Archive for Rated PG

PodCastle 552: The Watchers

Show Notes

Rated PG.

The Watchers

by Shelly Jones

He did not know why he had agreed to marry her. For a long time he thought it was because she would hum at everything she did. She hummed while cooking. She hummed while cleaning and sewing. She hummed when she raked leaves and shoveled dirt and chopped firewood. She even hummed, or so he thought he heard over his own grunting, on the few occasions when they had consummated their union. Her humming was an intoxicating low rumble, a contralto line that lingered in the room even after she had left it. He remembered the first time he had heard her. They had been to a funeral service for the local baker, he with his mother and she alone, for all of her relatives had died when she was young. He had known this, of course, but it never really struck him until he saw her alone at the wake. How many other services had she attended as a girl for her family? She wore a grey smock and a thick wool coat, the color of new potatoes. While the other mourners stood silent with their heads bowed, clutching handkerchiefs or wordlessly mouthing prayers, she rocked gently, pushing her weight from one foot to the other and hummed a low, idle tune. But no one minded. No one thought her rude or obscene, though, for some reason, he feared they might. He could imagine an old, dour woman spitting on her, the thick mucus sticking to the wool, and calling her names for dancing and singing at the funerary rites. But no one seemed to even notice her. She was as much a part of the scene as a catbird in the tree or a period at the end of a sentence. Why, then, had he noticed her? (Continue Reading…)

PodCastle 546: For the Removal of Unwanted Guests

For the Removal of Unwanted Guests

By A.C. Wise

The witch arrived at precisely 11:59 p.m., just as September ticked over to October, on the day after Michael Remmington moved into the house on Washington Street. She knocked at exactly midnight.

The house was all boxes, and Michael all ache from moving them. He’d been sitting on an air mattress — the bed wouldn’t be delivered for another week — staring at a crossword puzzle at least five years old. He’d found it in the back of the closet, yellow as bone, and peeled it from the floor — an unwitting gift from the previous tenant.

Michael opened the door, only questioning the wisdom of it after it was done. It was midnight in a strange neighborhood; he wore a bathrobe and slippers, and he’d left his phone upstairs, so if it turned out to be an axe murderer at the door, he wouldn’t even be able to call 911.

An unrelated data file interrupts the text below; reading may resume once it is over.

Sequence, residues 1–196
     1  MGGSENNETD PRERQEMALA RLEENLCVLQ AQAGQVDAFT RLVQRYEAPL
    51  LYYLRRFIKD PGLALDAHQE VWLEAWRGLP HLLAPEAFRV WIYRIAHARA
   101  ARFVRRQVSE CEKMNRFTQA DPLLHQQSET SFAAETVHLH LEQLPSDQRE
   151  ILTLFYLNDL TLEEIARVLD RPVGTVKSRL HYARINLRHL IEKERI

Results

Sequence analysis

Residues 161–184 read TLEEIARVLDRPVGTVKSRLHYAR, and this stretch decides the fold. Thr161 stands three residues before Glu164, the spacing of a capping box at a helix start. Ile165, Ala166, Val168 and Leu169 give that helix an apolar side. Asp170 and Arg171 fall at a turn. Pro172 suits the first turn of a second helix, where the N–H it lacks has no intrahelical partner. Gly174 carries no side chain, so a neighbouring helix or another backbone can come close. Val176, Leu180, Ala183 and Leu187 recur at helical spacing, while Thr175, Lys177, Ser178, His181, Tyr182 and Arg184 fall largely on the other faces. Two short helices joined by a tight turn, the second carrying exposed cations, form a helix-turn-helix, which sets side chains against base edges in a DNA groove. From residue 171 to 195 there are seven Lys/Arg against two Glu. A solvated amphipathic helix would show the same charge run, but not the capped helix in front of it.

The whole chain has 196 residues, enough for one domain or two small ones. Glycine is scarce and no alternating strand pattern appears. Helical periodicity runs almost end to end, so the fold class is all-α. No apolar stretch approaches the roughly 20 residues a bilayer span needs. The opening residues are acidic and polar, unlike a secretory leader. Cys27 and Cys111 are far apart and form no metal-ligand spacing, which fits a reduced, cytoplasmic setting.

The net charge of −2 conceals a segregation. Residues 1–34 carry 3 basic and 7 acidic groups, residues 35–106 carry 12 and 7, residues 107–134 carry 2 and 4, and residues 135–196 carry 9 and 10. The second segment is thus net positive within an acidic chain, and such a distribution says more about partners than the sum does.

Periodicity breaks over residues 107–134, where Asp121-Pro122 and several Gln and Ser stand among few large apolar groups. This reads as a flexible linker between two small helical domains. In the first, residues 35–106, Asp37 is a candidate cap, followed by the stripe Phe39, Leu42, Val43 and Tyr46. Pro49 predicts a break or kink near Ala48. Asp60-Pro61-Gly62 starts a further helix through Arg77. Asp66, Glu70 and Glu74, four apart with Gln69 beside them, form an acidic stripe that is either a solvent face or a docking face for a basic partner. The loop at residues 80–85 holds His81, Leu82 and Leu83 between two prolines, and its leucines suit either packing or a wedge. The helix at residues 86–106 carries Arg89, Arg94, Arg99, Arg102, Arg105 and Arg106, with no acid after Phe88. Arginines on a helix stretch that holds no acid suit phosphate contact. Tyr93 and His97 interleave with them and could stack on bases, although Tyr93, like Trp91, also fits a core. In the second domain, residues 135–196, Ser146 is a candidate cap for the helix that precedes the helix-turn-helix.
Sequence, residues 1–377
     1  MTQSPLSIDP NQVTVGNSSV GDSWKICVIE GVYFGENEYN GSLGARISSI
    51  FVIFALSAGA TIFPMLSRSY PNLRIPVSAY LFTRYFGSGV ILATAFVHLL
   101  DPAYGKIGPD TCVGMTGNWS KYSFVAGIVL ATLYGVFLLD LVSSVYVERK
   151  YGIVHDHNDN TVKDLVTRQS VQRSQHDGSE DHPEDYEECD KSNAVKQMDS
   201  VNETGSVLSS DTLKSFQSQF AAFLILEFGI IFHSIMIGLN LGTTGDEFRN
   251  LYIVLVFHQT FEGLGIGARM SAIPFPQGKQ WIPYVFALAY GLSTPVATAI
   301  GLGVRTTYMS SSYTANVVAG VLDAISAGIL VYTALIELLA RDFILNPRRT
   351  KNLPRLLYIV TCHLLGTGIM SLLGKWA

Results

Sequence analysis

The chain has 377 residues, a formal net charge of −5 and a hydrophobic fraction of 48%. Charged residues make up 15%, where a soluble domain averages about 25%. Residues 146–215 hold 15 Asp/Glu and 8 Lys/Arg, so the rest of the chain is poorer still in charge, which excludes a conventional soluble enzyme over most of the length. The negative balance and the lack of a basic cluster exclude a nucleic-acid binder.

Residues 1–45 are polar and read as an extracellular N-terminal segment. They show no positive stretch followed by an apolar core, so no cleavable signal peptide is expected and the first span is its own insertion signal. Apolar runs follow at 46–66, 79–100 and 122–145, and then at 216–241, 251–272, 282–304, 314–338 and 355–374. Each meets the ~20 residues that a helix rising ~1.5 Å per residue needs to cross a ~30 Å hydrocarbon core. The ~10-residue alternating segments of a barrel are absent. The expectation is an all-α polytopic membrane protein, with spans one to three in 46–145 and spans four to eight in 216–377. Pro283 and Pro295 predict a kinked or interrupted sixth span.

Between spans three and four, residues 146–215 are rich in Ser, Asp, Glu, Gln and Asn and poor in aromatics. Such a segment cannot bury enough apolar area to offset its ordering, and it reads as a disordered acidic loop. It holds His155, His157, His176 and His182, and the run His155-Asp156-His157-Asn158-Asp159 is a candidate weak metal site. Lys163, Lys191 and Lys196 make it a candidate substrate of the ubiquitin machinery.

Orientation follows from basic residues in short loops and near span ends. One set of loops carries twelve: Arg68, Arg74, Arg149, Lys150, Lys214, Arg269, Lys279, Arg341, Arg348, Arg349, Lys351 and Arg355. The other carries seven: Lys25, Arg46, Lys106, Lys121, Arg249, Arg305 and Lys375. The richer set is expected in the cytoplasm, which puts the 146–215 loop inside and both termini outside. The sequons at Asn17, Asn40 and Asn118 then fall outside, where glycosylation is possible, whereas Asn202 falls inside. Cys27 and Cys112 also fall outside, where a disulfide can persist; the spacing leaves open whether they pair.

“Hello,” the witch said. “I’m moving in.” (Continue Reading…)

PodCastle 518: Iron Aria

Show Notes

Rated PG for vengeful mountains and the accursed dead.

Iron Aria

Merc Rustad

The mountain dreams pain. Cold iron vibrates purple-blue deep in the stone, while tongues made from rot and rust bite and gnaw and hunger ever deeper.

The dam, buried like a tooth in the mountain’s narrow gums, holds back the great burgundy ocean. Otherwise it would pour into the Agate Pass Valley and swallow up the mining town at the mountain’s toes.

From an owl’s eye, the dam is almost as big as the mountain, built five hundred human-years ago. The infesting tongues burrow in from the sea, sent by angry water-memories. The sea cannot see its children in the lakes far beyond the dam. So it sends corrosion into the mountain, into the infinitesimal pores of the dam.

The mountain is being devoured from the inside and it screams. (Continue Reading…)

PodCastle 516e: 10th Anniversary Special, The Best of PodCastle #1 – The Paper Menagerie

Show Notes

Rated PG.

Editors’ note: This episode originally aired as PodCastle 165. We are reissuing it to celebrate PodCastle’s 10th anniversary. This story was in first position in a listener vote that was held to determine PodCastle’s most-loved episodes over the past decade.


The Paper Menagerie

by Ken Liu

A little paper tiger stood on the table, the size of two fists placed together. The skin of the tiger was the pattern on the wrapping paper, white background with red candy canes and green Christmas trees.

I reached out to Mom’s creation. Its tail twitched, and it pounced playfully at my finger. “Rawrr-sa,” it growled, the sound somewhere between a cat and rustling newspapers.

I laughed, startled, and stroked its back with an index finger. The paper tiger vibrated under my finger, purring.

Zhe jiao zhezhi,” Mom said. This is called origami.

I didn’t know this at the time, but Mom’s kind was special. She breathed into them so that they shared her breath, and thus moved with her life. This was her magic.